What is a philhellene? On a simple level, it refers to a friend of Greece, Greek culture, or the Greek people. Philo=friend; Hellene=Greek.
On a more complex level, it relates to someone that not only admires Hellenism, but is a proponent and defender, a spokesperson firmly in the corner of Hellenic culture and its people.
Thomas Setzer Hutchison was born in Nashville, Tennessee in the latter part of the 1800s, he attained a high military rank, Brigadier-General, in the Army National Guard and became the military advisor to the Governor of Tennessee. His military career was followed with an illustrious civil service career. As a police commissioner for the city of Nashville, Hutchison pushed through reforms to protect juveniles from abuse, and created a separate commission to oversee the proper treatment of working animals. A friend of Theodore Roosevelt, he campaigned for him as a representative of the Progressive Party in 1912. Hutchison also ran his own successful contracting business. He was an inventor holding various patents, and wrote a variety of books and manuals, including a book titled: An American Soldier under the Greek Flag at Bezanie: A Thrilling Story of the Siege of Bezanie by the Greek Army, in Epirus, During the War in the Balkans, published in 1913 by the Greek-American community of Nashville. It is the only eyewitness account written by an American participating in uniform for the Hellenic Kingdom. The book is written exclusively in English for the American audience, presenting the heroics of the small Hellenic Kingdom with unbiased observations of the trials and tribulations of a modern war that he predicted would eventually unfold on a scale never before seen by the modern world.
Hutchison not only took an interest in Hellenic affairs abroad, he befriended the Greek Consul to Nashville Tennessee, Panteles Panagiotopoulos, and with the help of the Consul, Hutchison began studying the Greek language. By November 13, 1912, Hutchison had decided to board the steamship Laura in New York City and sail for the Hellenic Kingdom and join the Greek Army. On the trip over, he drilled the young men, and upon his arrival in Athens he personally met with Prime Minister Eleftherios Venizelos. Hutchison accepted the rank of Major in the volunteer regiment of the Garibaldi Legion, serving under the Greek Army. He made his way north and became attached to the 15th Hellenic Infantry Regiment commanded by Greek Army General Sapountzakis.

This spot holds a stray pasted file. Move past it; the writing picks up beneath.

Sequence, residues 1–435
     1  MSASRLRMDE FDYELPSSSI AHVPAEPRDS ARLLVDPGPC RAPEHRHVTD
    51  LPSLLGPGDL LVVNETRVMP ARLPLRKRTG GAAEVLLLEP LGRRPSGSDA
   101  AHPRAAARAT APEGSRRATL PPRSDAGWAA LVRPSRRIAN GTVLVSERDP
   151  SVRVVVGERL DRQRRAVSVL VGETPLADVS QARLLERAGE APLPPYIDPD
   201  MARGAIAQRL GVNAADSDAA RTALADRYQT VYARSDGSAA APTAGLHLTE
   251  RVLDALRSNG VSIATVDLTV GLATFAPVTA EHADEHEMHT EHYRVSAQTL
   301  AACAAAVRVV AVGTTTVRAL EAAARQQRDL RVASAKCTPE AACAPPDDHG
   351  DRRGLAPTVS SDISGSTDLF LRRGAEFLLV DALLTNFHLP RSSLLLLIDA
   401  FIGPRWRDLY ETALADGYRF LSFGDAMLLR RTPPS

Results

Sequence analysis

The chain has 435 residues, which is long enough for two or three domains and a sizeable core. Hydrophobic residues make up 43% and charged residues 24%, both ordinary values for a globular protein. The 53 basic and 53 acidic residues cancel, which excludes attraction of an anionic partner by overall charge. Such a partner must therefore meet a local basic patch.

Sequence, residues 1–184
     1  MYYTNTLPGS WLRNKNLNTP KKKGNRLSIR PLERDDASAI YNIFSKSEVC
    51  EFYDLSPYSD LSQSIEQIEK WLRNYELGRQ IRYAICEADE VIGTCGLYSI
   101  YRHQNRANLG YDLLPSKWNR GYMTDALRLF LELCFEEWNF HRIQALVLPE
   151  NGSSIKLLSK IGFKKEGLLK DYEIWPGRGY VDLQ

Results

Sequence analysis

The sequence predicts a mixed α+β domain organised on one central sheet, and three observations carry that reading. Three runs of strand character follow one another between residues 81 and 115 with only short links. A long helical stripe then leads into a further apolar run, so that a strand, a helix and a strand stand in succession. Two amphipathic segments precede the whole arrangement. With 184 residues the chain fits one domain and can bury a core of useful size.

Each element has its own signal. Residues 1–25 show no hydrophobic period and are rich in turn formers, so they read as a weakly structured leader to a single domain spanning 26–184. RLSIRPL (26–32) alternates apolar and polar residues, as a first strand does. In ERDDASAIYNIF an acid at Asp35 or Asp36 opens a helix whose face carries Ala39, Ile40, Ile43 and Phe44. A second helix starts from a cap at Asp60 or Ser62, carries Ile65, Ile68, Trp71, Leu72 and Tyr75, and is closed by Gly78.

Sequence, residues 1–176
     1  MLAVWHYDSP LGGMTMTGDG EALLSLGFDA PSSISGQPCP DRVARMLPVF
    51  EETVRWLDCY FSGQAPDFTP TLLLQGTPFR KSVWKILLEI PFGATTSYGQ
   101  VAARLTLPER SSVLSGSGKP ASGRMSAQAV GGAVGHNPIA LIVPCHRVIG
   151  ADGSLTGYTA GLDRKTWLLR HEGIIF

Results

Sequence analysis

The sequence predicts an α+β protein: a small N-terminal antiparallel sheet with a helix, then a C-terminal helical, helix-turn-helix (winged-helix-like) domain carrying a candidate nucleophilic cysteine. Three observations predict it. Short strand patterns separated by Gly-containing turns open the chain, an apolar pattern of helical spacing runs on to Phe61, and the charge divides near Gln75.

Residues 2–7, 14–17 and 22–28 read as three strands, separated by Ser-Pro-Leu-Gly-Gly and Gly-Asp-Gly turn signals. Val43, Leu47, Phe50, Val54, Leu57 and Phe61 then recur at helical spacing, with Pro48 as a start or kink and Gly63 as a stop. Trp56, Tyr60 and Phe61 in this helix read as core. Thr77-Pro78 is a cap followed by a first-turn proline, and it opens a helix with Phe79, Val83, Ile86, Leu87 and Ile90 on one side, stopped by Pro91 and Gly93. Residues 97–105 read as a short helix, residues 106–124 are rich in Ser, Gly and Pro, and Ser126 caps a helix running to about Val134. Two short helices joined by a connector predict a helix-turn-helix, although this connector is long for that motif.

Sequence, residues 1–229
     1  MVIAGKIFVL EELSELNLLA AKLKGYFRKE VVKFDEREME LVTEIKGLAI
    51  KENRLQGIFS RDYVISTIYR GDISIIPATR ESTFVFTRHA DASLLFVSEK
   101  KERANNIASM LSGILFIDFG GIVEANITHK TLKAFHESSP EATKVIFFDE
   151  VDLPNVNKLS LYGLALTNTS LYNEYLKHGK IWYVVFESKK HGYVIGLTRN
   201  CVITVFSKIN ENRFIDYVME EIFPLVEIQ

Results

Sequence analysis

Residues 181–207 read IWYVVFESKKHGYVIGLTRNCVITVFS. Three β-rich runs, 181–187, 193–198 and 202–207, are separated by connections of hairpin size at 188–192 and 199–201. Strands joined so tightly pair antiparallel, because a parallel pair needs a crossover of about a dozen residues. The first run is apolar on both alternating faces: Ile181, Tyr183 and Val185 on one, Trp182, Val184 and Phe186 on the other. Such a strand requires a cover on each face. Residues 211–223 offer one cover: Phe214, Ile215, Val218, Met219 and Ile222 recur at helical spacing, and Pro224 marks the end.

Hutchison was eventually wounded by a Turkish artillery barrage, and was sent to a military field hospital based on the severity of his wounds. He was later given an honorable discharge and subsequently sailed back to the States to fully recover. Upon his return he was greeted by a special welcome committee of Nashville Greeks, who presented him with a special trophy. Sharing his experiences with them, they encouraged him to write a book based on his experiences, which he eventually did.
Hutchison continued to engage with the Greek-American community, and at their request he would give presentations detailing his personal experiences. He was invited by a variety of Greek-American communities, and would travel to many cities throughout the United States. His presentations would thrill audiences since he had met with many of the most famous individuals of the Hellenic Kingdom, including the famous Greek poet Matsoukas, the daring pilot Lieutenant Kamberos, and many others during his service in Greece.
He also returned to the Hellenic Kingdom a second time, during WWI, and was an outspoken defender of Greece when the Carnegie Report erroneously accused the Greek Military of slaughtering Bulgarian civilians and prisoners of war during the Balkan Wars. He helped organize a Greek-American political club for the Chicago community, contributing articles and stories to the Chicago based Greek language newspaper, Saloniki, for several years after the Balkan Wars.
To the very end Hutchison not only considered himself an outspoken supporter of the Greek people, but he was recognized as such in his obituary by his fellow Americans as being a champion of the Greek cause.
Colonel (his preferred title) Thomas S. Hutchison, you are worthy of the title Philhellene, may your memory be eternal!
Next time we discover the fate of the volunteer Greek-American heroes.
Peter S. Giakoumis is the author of The Forgotten Heroes of the Balkan Wars: Greek-Americans and Philhellenes 1912-1913. Follow him on www.Facebook.com/1912GreekHistory.